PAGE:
The European Union is considering an amendment to their legal definition of a “novel food” that will have a major impact on the nootropics industry. By placing approval on a case-by-case basis, individual member states will be responsible for determining whether or not nootropics are fit for human consumption or must be seized and destroyed. While this is being done as part of an effort to protect citizens from unsafe, untested products, it could have significant negative consequences for the nootropics industry in Europe.
In the EU, nootropics are currently regulated as novel foods, which means they must go through extensive testing before they’re allowed to be sold to the public. Now the EU is considering an amendment to their legal definition of a “novel food” that will have a major impact on the nootropics industry. Known as the “Nutrasect Case,” the amendment will remove the case-by-case approval required of novel foods and make it all-encompassing.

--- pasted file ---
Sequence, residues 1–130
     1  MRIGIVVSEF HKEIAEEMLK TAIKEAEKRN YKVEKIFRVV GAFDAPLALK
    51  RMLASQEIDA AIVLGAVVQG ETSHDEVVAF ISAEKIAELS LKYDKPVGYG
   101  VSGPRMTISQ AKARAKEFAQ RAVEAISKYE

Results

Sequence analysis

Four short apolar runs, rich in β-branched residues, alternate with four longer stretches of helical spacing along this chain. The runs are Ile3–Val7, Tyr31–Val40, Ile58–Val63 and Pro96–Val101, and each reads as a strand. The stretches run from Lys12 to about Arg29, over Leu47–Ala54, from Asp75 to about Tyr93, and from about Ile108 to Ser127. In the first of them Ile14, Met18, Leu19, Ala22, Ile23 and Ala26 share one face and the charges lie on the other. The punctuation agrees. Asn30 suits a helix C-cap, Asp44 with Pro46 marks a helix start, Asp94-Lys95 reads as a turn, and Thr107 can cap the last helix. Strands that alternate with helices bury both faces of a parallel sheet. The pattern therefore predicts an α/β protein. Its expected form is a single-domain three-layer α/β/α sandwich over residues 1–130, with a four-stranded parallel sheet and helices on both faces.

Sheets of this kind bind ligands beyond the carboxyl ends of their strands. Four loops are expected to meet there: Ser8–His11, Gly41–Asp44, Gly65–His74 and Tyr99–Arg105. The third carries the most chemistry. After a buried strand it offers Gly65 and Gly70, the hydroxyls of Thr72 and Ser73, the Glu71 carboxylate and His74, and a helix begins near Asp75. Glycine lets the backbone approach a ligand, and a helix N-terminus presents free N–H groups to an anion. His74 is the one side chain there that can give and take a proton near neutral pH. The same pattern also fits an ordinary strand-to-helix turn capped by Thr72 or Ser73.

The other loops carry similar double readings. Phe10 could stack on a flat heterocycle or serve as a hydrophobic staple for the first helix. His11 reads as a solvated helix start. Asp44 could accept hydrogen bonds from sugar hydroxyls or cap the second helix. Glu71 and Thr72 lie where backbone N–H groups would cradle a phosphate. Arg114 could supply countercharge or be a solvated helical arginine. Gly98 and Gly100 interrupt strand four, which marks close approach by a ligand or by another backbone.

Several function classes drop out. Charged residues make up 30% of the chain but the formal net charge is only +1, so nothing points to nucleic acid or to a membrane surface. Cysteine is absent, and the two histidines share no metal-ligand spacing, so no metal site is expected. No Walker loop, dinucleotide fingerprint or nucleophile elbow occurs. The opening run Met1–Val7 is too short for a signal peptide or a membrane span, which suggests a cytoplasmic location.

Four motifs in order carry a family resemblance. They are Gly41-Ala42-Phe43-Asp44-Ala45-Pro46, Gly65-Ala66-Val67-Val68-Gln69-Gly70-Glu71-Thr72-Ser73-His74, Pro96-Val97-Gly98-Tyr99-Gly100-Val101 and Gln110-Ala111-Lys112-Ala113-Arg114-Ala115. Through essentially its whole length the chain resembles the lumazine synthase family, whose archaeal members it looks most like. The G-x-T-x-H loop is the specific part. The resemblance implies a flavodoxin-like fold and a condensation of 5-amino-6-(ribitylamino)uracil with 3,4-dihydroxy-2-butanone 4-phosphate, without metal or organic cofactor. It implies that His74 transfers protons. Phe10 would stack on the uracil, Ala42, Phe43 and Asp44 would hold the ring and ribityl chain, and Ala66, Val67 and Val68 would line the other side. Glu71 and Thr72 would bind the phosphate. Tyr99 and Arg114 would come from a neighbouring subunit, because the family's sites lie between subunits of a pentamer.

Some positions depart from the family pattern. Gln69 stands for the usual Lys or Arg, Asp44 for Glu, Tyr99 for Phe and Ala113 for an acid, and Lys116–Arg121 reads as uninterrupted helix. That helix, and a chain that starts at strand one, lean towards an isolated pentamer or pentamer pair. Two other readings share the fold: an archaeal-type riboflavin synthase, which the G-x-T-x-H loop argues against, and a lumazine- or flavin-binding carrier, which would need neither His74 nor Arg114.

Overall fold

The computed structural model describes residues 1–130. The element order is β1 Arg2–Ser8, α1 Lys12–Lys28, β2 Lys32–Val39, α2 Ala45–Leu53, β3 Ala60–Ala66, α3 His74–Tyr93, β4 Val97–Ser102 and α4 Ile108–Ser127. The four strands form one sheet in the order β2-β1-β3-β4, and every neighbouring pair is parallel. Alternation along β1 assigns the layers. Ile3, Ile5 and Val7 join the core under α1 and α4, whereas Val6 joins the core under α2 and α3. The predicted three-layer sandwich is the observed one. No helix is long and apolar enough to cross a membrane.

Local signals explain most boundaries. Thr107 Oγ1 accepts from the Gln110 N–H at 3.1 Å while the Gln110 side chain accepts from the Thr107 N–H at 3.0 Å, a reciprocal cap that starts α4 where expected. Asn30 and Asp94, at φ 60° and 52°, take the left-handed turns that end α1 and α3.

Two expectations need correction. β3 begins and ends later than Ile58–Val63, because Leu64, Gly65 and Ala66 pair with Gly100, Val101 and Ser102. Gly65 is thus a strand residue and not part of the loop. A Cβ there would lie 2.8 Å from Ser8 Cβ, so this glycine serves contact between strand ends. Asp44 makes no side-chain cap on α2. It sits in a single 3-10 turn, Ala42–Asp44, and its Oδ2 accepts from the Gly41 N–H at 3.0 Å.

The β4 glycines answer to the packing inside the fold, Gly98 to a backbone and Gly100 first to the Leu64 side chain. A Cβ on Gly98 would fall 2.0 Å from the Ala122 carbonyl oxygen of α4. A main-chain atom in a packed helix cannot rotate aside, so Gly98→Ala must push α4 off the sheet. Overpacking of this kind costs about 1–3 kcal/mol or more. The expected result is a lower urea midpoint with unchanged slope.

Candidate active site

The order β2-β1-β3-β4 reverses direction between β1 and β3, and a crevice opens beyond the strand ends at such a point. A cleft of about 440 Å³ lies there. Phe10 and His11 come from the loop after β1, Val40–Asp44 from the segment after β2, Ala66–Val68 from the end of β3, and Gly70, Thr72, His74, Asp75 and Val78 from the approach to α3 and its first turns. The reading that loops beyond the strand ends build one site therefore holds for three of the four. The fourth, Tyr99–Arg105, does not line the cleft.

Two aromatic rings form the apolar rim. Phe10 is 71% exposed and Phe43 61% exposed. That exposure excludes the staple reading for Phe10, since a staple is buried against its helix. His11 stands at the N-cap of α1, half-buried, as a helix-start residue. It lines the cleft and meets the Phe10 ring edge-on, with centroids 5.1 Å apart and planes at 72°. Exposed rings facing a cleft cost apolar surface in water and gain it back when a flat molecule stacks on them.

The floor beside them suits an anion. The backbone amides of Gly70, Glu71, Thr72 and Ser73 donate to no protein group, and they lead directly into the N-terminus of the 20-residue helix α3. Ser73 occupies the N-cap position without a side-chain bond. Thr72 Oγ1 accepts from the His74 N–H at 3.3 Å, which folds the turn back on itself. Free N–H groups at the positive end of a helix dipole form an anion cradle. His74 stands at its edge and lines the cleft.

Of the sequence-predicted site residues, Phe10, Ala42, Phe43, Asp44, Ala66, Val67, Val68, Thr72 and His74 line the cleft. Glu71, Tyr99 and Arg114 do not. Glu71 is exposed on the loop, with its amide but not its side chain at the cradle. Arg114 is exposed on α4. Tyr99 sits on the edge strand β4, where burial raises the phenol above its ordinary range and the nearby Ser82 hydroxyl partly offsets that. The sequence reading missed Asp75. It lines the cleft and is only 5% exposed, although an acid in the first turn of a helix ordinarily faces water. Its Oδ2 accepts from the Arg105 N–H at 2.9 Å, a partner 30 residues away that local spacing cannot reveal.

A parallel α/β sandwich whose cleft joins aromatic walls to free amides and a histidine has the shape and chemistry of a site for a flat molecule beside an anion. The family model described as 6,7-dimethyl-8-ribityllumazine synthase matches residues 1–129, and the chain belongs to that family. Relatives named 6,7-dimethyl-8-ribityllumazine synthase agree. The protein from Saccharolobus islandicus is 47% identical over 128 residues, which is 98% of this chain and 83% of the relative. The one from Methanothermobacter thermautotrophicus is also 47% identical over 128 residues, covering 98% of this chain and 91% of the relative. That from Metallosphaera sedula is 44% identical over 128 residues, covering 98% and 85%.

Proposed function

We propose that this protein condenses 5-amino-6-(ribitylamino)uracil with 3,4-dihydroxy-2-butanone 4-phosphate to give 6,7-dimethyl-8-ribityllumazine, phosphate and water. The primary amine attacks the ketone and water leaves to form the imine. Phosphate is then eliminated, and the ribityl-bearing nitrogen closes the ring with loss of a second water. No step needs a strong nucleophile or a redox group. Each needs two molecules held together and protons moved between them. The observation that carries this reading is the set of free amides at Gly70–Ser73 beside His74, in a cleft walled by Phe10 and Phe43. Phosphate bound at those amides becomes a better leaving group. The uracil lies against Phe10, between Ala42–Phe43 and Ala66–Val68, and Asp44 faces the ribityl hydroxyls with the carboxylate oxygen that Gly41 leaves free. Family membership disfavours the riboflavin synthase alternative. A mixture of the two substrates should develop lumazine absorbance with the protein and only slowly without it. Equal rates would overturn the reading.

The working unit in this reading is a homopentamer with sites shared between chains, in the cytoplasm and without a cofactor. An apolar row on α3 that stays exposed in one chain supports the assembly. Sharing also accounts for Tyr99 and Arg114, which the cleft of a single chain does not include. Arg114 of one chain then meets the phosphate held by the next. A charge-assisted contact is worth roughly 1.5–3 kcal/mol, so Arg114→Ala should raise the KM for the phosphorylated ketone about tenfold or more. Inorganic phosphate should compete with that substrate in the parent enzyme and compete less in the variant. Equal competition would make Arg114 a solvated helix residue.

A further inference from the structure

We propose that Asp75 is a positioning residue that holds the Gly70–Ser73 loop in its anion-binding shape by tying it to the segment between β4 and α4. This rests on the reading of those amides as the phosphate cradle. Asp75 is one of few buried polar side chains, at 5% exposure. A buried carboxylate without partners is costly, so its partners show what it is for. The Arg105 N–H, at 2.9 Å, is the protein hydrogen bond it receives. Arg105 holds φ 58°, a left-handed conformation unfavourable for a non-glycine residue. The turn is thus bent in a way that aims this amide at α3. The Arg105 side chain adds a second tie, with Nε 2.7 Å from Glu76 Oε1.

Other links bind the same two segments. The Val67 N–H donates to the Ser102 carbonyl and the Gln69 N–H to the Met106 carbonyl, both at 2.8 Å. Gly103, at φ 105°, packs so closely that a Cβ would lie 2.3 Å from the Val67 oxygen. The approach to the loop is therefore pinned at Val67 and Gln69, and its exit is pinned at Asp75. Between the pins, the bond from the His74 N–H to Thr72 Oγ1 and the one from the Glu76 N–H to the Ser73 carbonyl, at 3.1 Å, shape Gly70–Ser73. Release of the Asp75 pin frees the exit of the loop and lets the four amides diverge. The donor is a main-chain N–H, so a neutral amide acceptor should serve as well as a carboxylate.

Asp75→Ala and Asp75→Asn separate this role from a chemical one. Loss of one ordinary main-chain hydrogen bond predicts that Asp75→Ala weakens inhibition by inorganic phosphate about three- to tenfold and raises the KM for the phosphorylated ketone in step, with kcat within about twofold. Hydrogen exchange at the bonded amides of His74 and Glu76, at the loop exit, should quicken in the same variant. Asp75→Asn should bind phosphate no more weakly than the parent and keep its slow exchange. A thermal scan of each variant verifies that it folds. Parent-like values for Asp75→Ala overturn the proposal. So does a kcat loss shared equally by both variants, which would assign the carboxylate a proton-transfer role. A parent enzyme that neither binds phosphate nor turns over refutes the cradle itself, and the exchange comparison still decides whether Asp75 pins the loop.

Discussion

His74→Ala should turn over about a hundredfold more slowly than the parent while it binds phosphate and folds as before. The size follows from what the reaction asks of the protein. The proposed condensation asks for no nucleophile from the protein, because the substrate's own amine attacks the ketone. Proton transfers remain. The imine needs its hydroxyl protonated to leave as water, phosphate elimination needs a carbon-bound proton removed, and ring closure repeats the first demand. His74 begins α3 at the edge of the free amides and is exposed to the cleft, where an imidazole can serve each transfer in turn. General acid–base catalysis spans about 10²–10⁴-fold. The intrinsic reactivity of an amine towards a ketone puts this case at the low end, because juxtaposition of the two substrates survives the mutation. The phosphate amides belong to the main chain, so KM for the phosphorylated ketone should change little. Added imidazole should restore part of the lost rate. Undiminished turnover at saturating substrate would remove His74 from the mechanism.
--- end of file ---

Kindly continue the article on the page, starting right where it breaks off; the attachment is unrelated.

Nootropics are a class of compounds that act as cognitive enhancers and “neuroprotectants.” By assisting in memory and cognitive function, they can be helpful in a variety of fields: from treating issues with attention and attention control to improving memory retention and performance in daily life. While more research is still being conducted to better understand their efficacy, they’ve been shown to be safe and effective when taken according to the recommendations of a healthcare provider.
During the darkest days of WWII, the US military relied heavily on one thing to revitalize the scientific advancement spirit: LSD. Upon realizing the potential that these compounds had, pharmaceutical companies liked J.W. O’Neil and Eli Lilly flooded the market with them. Unfortunately for the military, these were short-lived effects, as their subjects experienced post- LSD euphoria, paranoia, and memory loss. This led to the importance of long-term studies into these compounds and spurred addiction and abuse of certain nootropic substances.
Thus, while not truly classified as a drug, they still have strict regulatory requirements. Since it’s still being studied and researched, these substances carry a lot of risk for users as well! This is what led to the formation of the UK Natural Products Regulatory Agency (NPRA), which brought about an amendment that aimed to alleviate the harsh reaction of these compounds, as well as requiring stronger studies into their impact.